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Satirical news outlet prepares to launch website

When three friends gave rise to the idea for a satirical news source, it began as an outlet to make fun of S.I. Newhouse School of Public Communications students that take themselves too seriously. Since then, the idea has evolved into The Kumquat, which presents a variety of campus news in a comedic fashion.

Founded by Syracuse University sophomores Sarah Schuster, Alex Kuzoian and Nicolas Sessler, The Kumquat was created as an alternative to other campus news sources, and a way to play upon the stereotypes that exist throughout the student body, Sessler said in an email.

“We all noticed there was a lack of satirical news on campus in a multimedia format,” Kuzoian said. “So in the spring of 2012, Sarah was the one who really got the ball rolling on it. Nick and I were busy playing Mario Kart and stuff.”

Many of the stories The Kumquat creates parallels or exaggerates actual stories or issues on campus, Kuzoian said. An example of this was a video posted on The Kumquat’s YouTube channel, which showed the Dalai Lama holding a “rager” during his visit to SU.

Though The Kumquat attempts to make light of the stereotypes that exist on campus, it is always conscious of possibly offending its audience, Kuzoian said. This same issue arose for Over the Hill, a satirical news source that operated on campus until 2005, but was shut down for publishing offensive content.

Members of The Kumquat describe themselves as a comedy group, and remind their audience members to not take anything too seriously, Kuzoian said. The show’s goal is never to offend anyone intentionally, he said.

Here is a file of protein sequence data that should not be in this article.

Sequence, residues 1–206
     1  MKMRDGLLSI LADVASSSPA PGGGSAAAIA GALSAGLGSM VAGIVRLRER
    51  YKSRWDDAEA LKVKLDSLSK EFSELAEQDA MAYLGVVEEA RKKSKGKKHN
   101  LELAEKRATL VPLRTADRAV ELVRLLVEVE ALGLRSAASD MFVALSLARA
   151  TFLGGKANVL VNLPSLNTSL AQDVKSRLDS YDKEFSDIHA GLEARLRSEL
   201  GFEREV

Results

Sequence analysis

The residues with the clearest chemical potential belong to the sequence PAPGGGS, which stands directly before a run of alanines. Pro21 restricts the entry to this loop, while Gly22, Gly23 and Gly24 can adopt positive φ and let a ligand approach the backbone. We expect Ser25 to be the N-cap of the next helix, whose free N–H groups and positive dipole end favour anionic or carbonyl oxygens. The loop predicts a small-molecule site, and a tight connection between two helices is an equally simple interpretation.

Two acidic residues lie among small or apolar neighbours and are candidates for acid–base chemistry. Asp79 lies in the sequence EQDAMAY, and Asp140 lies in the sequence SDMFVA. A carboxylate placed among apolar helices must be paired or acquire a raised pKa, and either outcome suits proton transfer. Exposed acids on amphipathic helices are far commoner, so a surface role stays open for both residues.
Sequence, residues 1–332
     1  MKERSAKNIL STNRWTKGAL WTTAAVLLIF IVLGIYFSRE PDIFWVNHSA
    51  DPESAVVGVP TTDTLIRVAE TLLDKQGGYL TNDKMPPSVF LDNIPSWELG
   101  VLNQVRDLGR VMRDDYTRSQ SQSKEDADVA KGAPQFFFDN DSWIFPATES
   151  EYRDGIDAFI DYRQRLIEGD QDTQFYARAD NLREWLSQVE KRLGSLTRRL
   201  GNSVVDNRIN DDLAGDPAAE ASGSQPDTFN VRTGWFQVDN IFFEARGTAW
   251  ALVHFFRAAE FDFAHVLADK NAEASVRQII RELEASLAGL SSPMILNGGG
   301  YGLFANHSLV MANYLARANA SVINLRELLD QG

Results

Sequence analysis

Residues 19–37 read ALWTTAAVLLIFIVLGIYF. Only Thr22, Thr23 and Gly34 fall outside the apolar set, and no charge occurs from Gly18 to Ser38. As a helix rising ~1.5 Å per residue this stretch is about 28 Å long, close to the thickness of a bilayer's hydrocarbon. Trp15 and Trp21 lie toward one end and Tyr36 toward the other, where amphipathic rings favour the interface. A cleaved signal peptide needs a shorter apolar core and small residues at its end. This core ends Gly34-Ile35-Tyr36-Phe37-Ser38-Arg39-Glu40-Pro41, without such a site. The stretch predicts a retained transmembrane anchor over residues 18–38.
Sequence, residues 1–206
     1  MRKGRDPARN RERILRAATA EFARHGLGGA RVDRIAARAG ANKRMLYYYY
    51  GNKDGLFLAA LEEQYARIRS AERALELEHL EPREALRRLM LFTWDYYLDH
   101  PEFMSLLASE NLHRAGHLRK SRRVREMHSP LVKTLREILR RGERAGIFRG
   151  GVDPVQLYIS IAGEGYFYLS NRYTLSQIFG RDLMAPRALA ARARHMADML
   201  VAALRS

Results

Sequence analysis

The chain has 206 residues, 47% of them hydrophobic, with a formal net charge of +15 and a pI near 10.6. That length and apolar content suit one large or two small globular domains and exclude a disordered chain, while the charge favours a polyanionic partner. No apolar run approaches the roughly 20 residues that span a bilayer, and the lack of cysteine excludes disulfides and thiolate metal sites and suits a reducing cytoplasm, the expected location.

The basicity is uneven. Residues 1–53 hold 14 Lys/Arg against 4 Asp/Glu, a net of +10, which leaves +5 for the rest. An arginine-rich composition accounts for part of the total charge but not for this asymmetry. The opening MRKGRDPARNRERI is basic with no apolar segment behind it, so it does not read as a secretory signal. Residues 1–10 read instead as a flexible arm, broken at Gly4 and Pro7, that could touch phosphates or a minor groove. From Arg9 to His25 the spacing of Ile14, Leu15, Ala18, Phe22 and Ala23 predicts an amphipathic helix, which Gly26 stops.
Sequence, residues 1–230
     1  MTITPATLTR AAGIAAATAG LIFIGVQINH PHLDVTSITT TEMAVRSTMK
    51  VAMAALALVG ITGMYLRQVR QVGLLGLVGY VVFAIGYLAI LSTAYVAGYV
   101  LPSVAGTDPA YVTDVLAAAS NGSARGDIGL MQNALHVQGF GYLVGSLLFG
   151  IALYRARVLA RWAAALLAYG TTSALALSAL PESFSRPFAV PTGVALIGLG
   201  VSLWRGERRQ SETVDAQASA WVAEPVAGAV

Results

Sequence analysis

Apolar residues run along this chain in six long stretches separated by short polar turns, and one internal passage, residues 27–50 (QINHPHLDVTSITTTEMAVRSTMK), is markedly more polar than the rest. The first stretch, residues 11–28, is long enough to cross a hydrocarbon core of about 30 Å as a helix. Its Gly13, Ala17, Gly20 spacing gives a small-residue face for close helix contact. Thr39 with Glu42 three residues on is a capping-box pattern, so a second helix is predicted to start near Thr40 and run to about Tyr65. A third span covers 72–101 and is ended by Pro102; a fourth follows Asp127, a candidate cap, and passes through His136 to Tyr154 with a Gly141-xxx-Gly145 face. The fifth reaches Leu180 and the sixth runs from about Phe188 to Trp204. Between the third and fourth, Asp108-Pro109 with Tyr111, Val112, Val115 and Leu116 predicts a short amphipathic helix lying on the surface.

Despite this, the group did come under fire for a satirical picture posted on its Facebook page, said Mark DiBona, a member of The Kumquat. The picture depicted Student Association President Allie Curtis shaking hands with Osama bin Laden, he said.

Many of the editing sessions serve to prevent the circulation of overly offensive material, DiBona said. Ideas are converted into loose scripts, which are then critiqued and rewritten into final versions, he said.

“I think it’s impossible to do the kind of comedy we’re doing without offending anyone,” Sessler said. “I’m not afraid to be offensive, because that’s what makes people think.”

The Kumquat is often compared to The Onion, a professional satirical news organization, Sessler said. Both organizations use humor to convey greater messages, but The Kumquat tries to tailor its stories to campus-related news, he said.

Through word-of-mouth and social media, The Kumquat is quickly gaining a larger audience, Kuzoian said. The group is set to launch its website next week, he said. It will provide a more centralized location for content and a platform to share satirical articles instead of just videos.

Out of the articles and brief Facebook posts, the videos are the biggest productions, Kuzoian said. The videos involve specifically assigned writing teams and shooting in the studio with a crew and actors, he said. For the time being, their studio is a Newhouse classroom with a green sheet used as a makeshift green screen.

“Once more people learn about us, the possibilities will be endless,” Sessler said. “No one will be able to stand the might of the Kumquat.”

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